It was one of the last cases of “Shanghaiing”, says Fall, although looking back over Monkbarns’ crew lists at the number of “stowaways” signed after sailing, the suspicion grows that Captain Donaldson had almost certainly done it before.
Shanghaiing, or crimping (or “press-ganging” if you ended up on a naval vessel), had a long and dishonorable tradition at sea. Many seafaring countries have their own word for it: ronselen, embarquer de force, and all the variations of sjanghaja, schanghaien etc.
In the days before international banking a merchant sailor paid off after lean months at sea was a plump target for the “crimpers”. Far from home, he needed a roof over his head and the quayside crawled with men eager to sell him all manner of entertainments at inflated prices. What did he know? By the time all the money ran out, he was in debt to the boardinghouse keeper. It was they who “sold” seamen to short-handed masters for settlement out of the advance on their first month’s pay – and who often rendered them drunk for delivery, to ensure compliance.
In the 17th century the Dutch East India Company called such men “zielverkopers” or sellers of souls, but Shanghaiing almost certainly stems from the cut-throat competition of the 19th century tea trade – when fast ships of many nations raced to China and home again against the monsoon to snatch the best price for the new season’s harvest following the repeal of Britain’s restrictive Navigation Acts.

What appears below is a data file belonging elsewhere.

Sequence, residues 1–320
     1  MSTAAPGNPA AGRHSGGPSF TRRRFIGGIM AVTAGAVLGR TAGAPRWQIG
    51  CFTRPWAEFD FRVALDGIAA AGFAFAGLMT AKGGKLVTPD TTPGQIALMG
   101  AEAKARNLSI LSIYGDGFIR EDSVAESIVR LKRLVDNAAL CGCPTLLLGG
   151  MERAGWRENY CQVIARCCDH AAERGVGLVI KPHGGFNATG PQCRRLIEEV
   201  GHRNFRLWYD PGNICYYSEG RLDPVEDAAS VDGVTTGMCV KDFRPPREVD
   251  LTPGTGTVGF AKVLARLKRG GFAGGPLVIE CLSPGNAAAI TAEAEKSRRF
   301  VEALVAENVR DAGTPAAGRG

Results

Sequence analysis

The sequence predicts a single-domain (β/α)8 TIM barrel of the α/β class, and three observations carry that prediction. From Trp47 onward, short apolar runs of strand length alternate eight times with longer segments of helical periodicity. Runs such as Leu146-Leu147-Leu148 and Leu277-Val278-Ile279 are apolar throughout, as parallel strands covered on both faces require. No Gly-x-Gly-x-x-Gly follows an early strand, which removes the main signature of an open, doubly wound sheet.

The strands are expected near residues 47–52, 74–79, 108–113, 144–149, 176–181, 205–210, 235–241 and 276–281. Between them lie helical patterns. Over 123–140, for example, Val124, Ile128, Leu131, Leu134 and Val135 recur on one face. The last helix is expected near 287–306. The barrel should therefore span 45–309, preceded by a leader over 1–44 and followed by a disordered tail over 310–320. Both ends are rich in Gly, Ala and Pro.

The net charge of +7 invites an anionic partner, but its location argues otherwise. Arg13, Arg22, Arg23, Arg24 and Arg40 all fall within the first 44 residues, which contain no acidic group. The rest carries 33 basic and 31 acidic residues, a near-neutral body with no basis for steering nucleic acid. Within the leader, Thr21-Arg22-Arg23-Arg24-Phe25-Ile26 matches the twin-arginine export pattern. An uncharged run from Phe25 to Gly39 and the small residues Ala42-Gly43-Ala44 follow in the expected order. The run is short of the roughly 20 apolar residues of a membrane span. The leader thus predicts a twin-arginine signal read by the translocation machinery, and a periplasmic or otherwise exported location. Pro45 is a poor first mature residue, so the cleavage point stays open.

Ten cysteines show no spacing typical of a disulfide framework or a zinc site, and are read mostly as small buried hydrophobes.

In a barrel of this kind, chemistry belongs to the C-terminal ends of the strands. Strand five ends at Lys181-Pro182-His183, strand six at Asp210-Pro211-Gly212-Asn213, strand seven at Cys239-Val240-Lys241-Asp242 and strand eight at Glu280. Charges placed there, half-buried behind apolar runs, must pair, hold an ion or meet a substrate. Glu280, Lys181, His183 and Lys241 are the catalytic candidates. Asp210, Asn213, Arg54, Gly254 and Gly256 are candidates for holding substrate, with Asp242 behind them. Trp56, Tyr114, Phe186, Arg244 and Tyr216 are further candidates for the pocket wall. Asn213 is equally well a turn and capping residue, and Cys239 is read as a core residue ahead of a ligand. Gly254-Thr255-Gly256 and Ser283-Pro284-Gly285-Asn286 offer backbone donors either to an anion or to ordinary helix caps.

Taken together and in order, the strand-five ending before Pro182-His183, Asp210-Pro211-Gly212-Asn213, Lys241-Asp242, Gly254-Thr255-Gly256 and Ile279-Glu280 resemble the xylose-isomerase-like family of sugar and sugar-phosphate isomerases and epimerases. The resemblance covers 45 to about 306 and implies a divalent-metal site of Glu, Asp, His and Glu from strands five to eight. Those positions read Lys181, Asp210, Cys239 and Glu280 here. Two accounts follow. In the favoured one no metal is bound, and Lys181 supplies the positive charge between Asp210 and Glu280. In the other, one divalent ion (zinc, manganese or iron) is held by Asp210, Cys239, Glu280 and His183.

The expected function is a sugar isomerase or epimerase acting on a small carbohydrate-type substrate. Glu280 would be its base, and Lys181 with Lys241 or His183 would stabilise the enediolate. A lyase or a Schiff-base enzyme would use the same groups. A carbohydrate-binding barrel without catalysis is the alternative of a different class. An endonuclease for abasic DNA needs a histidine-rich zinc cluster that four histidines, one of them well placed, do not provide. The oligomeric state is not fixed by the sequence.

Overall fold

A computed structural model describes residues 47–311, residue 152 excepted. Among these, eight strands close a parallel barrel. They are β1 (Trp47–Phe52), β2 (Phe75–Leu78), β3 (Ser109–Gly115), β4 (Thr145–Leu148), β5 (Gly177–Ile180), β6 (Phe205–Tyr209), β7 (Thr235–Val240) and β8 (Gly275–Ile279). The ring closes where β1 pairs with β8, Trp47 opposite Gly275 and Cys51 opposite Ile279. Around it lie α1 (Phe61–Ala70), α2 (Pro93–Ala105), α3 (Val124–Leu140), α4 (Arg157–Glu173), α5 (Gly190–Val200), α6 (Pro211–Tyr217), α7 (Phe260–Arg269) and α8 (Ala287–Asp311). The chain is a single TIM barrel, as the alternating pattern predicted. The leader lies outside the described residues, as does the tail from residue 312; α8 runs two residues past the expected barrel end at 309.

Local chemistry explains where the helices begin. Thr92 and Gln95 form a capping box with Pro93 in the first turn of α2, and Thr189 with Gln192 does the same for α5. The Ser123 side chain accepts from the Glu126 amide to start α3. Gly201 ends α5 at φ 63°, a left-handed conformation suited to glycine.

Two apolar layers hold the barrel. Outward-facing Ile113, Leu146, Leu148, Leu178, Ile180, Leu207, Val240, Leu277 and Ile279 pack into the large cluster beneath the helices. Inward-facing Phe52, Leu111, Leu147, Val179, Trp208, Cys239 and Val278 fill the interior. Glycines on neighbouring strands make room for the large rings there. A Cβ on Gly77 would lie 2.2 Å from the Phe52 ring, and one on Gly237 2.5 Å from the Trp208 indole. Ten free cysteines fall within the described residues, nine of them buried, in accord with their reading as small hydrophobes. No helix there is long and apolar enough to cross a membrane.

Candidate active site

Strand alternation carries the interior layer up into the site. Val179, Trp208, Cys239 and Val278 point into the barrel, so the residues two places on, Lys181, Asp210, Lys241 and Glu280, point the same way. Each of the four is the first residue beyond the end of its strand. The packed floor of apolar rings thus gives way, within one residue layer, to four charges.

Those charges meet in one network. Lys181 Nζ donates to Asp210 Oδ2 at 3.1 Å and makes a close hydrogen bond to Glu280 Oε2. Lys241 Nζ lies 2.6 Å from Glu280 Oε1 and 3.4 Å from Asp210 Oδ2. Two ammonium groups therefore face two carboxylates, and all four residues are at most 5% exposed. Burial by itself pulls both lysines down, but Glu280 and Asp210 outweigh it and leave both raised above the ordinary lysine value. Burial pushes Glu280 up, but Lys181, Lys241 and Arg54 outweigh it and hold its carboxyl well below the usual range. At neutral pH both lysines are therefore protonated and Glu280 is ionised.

The opening of the Suez canal in 1869 foreshadowed the end for the clippers and sailing ships generally. In Britain, the Board of Trade had taken over the pioneering money transfer systems set up by the charitable Sailors Home on Well Street, east London, and a marine department was legislating on pay and conditions for seafarers, although it remained illegal for a sailor to refuse a ship until 1871 – even on grounds of seaworthiness. (And Britain’s life-saving Plimsoll line of 1876 – against overloading and loss of ships – was not adopted by the US until 1917).
The new regulations curbed crimping, but Shanghaiing had never been legal anyway. It was just harder to prove at sea, in a foreign jurisdiction, far from any witnesses.
If S. Grotheim did try to sue Captain James Donaldson in Cape Town, he is unlikely to have met much support as a Norwegian national seeking redress against a British employer over something alleged to have happened half a world away in Australia.
The ship’s record shows Grotheim finally left Monkbarns in Cork in June 1919, a sadder and wiser man with £21 11s 9d in his pocket – further mulct of his official £11 a month pay by the ship’s slop chest system, to replace waterproofs, warm clothes and other necessities he’d naturally had no opportunity to bring along.
Work in progress: the book I never wrote about the sailor grandfather I never knew, from his apprenticeship on the square-rigger Monkbarns to his death by U97, presumed lost with all hands aboard the Shell oil tanker Chama in 1941 Blogroll